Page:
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Gaming Guru

Ed Vogel

Hooters Approved for License

7 October 2005

CARSON CITY, Nevada – (PRESS RELEASE) -- The founders of the Hooters restaurant chain won a unanimous Gaming Control Board recommendation Thursday for a gaming license as majority owners of the San Remo Hotel just east of the Strip.

Florida Hooters has purchased a two-thirds share of the 711-room hotel-casino from EW Common, the company owned by Japanese businessmen Sukeaki Izumi and his son, Toyoroku. The combined company will spend $65 million remodeling the casino and tentatively plans a grand-opening for the first Hooters Hotel Casino on Feb. 2.

Approval is contingent on the Nevada Gaming Commission giving its consent to the license at its Oct. 20 hearing. That should be a foregone conclusion since Control Board Chairman Dennis Neilander and board members Bobby Siller and Mark Clayton all lauded company management.

Ten directors of the company, founded in Clearwater, Fla., in 1983, won preliminary licensing approval Thursday. Commissioners found nothing in any of their backgrounds that caused concern.

"I am very impressed," Neilander said. "In investigations this size we usually run into a few issues. This is a very clean corporation."

During the two-hour hearing, members scarcely mentioned Hooters' chief ingredient for success -- pretty, young, well-endowed waitresses in tight tank tops and orange shorts. No "Hooters Girls" were in attendance.

Other than the restaurant food servers, female employees at six tables in a "fun pit" area of the casino will wear the Hooters Girl outfits, Droste said.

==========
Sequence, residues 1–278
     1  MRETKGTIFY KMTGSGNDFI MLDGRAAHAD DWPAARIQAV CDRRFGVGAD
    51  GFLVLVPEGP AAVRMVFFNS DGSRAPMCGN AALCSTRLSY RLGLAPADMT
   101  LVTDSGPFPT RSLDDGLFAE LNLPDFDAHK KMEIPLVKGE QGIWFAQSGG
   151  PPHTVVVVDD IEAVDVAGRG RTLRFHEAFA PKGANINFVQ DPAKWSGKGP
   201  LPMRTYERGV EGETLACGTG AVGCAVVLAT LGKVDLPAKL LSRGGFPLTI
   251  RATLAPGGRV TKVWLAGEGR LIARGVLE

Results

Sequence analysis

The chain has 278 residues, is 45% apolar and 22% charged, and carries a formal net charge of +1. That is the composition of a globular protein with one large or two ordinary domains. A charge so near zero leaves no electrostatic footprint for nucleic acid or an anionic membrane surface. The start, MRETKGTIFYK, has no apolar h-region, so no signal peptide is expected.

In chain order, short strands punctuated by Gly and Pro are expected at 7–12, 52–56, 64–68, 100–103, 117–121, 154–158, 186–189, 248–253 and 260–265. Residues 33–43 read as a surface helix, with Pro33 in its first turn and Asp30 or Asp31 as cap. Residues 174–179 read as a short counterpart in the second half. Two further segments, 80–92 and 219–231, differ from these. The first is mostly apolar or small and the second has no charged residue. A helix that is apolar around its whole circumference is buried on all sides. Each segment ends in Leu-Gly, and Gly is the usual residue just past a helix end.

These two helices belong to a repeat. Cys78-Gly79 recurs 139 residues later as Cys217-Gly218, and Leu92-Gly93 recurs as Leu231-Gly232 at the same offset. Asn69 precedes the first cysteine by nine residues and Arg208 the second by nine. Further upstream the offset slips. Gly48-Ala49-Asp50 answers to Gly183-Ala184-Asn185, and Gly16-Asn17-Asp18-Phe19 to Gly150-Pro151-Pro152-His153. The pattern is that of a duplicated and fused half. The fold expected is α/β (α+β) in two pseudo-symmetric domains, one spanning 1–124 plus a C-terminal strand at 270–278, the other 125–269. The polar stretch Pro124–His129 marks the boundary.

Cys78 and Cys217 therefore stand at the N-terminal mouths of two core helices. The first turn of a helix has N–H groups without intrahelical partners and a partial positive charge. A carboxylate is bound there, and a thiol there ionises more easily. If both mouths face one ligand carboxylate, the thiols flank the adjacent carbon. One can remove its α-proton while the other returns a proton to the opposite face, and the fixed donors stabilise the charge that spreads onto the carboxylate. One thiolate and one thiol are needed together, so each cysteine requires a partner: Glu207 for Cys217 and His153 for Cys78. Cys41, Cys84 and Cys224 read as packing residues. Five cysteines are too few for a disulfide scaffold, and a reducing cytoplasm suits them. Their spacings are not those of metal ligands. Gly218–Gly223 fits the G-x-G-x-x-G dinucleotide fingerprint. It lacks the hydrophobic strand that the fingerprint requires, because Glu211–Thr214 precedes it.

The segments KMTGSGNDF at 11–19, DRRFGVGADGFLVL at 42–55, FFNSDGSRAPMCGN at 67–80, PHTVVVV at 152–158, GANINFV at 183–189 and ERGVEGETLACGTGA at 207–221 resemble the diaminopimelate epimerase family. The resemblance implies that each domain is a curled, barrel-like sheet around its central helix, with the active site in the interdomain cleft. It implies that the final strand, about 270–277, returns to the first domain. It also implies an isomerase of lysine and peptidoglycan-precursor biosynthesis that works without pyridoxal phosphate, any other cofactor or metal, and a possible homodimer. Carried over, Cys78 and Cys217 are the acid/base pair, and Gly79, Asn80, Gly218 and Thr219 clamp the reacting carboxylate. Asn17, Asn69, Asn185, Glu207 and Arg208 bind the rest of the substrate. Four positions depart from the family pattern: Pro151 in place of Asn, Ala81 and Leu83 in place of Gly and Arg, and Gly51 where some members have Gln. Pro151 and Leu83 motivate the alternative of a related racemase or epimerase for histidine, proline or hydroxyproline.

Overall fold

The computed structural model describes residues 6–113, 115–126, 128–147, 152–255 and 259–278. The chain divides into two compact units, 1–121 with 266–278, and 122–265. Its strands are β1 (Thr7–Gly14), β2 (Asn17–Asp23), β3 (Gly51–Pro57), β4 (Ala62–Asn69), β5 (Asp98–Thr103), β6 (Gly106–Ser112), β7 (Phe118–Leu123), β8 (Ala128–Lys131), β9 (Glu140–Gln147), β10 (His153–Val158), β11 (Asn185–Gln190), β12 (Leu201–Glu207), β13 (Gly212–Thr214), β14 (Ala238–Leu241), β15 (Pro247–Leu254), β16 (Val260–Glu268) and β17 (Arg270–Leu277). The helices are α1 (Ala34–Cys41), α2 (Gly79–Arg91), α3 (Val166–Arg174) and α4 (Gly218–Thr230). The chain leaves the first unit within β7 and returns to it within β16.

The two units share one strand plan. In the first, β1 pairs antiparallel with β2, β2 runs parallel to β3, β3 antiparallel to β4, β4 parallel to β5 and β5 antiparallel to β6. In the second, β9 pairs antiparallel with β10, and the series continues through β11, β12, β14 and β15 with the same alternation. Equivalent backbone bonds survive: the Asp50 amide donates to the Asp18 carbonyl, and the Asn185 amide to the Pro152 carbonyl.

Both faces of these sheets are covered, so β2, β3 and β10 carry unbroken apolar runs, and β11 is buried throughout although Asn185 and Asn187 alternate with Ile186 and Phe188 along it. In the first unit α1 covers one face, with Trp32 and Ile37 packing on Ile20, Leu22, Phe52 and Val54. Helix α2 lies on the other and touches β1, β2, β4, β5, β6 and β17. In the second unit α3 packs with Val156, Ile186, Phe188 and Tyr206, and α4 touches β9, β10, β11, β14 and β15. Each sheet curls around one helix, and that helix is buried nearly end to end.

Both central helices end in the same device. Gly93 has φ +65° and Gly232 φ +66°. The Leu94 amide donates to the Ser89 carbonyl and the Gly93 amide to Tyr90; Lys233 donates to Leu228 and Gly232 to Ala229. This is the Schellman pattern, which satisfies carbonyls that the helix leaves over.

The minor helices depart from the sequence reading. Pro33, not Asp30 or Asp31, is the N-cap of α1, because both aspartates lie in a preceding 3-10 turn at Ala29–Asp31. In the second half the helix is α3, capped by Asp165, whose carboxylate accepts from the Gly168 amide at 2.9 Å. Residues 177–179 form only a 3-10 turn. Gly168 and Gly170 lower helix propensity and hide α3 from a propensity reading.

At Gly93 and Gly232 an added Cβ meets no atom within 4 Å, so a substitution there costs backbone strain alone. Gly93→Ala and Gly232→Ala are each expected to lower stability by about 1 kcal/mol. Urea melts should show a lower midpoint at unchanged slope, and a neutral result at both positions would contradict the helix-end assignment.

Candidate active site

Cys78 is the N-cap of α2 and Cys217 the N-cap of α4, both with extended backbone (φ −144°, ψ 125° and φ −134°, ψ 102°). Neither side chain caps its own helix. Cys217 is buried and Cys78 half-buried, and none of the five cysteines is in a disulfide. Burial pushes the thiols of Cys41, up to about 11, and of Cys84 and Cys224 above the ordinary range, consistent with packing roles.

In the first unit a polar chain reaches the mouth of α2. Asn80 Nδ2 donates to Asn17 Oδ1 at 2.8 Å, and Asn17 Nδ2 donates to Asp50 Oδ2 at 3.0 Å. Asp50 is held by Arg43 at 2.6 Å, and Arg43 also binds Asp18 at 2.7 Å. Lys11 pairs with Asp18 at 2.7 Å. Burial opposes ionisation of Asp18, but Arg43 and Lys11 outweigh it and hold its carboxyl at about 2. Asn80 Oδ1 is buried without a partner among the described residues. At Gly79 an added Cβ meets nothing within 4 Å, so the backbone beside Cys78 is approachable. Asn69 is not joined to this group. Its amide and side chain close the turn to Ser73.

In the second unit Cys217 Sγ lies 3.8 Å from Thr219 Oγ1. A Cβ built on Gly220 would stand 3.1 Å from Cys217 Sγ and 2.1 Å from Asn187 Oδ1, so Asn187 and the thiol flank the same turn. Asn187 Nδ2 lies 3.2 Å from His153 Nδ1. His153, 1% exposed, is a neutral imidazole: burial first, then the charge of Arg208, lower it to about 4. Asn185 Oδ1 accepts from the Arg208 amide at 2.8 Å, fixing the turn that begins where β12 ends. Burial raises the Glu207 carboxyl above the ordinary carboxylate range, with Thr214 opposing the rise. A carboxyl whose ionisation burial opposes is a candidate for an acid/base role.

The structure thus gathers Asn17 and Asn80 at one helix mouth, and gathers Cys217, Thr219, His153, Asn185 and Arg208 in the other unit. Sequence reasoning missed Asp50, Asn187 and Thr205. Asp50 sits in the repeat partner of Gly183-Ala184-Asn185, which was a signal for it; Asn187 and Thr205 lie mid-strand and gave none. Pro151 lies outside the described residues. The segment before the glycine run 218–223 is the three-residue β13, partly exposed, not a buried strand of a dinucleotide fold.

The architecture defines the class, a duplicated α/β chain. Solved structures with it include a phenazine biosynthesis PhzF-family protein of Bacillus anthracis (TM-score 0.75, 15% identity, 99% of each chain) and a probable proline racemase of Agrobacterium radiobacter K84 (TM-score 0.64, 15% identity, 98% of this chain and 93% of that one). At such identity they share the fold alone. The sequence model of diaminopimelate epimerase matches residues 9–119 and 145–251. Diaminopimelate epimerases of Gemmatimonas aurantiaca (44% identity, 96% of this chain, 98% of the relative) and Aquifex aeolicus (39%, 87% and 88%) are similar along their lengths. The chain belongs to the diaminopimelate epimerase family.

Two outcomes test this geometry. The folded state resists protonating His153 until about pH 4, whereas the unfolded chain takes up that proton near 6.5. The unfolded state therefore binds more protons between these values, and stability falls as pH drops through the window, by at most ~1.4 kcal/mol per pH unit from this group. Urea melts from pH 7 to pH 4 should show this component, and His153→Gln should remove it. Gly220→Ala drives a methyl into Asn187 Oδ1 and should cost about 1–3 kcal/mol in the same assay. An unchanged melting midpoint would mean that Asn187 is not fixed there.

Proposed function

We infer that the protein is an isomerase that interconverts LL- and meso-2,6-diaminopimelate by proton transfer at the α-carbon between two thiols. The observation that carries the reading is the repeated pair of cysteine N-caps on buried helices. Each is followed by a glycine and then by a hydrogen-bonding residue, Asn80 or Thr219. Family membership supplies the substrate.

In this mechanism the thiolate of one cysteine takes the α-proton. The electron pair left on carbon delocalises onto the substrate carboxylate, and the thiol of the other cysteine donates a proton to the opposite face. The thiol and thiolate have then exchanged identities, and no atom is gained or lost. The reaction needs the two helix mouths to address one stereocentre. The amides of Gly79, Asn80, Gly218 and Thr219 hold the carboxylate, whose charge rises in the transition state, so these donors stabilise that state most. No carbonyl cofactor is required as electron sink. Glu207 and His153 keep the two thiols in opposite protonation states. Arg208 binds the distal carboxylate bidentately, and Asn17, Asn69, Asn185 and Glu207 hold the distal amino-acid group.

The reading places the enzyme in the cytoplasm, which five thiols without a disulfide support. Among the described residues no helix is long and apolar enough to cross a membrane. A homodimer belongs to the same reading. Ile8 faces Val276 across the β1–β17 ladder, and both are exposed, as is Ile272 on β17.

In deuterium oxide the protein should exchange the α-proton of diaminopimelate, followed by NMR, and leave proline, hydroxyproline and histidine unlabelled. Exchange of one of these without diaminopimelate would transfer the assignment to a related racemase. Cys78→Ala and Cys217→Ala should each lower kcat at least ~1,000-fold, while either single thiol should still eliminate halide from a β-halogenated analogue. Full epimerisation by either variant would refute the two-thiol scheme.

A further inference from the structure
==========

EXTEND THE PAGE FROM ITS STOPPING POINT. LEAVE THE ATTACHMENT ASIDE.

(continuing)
Most employees, including management, will be dressed in "Florida casual" attire, except employees in the more upscale Dan Marino's restaurant, he added.

In a short interview following the vote, Neil Kiefer, chief executive officer of the company, said a federal court order permits the more than 400 Hooters restaurants to use only females as food servers. But he insisted the company does not just employ pretty young women with large breasts.

"There are all different kinds and sizes, the girl next door, the cheerleader," Kiefer said. "Of our original 20 employees in 1983, 16 are still with the company."

During the hearing, Droste said the employees exhibit "tasteful sex appeal."

The business started as one that mainly appealed to males, but has become a popular place for women, children and especially senior citizens, he said.

"They deliver the sizzle, but the steak also," he added.

Kiefer said Hooters will market the hotel-casino to the 60 million customers served in its restaurant chain each year.

Michael Hessling, who manages the San Remo, will serve as chief operating officer of the new Hooters Hotel.

The casino's current 500 employees can keep their jobs for now, he said, but they must go through training and adapt to the new image, he and others said.

They said Hooters employees are expected to reflect a "wow factor" and have smiles on their faces.

Hooters intends to triple the size of the pool and remodel all rooms, adding some suites and cutting the number of rooms to 696.

"Filling the rooms will not be a problem," Droste said.

He said the company soon plans a "Cure to the Common Casino" advertising campaign to convince Las Vegas visitors who stay in other hotels to stop by and gamble for a few hours at Hooters.

"Don't try to compare the San Remo with the Hooters brand," Hessling said. "It is going to be a property people want to check out."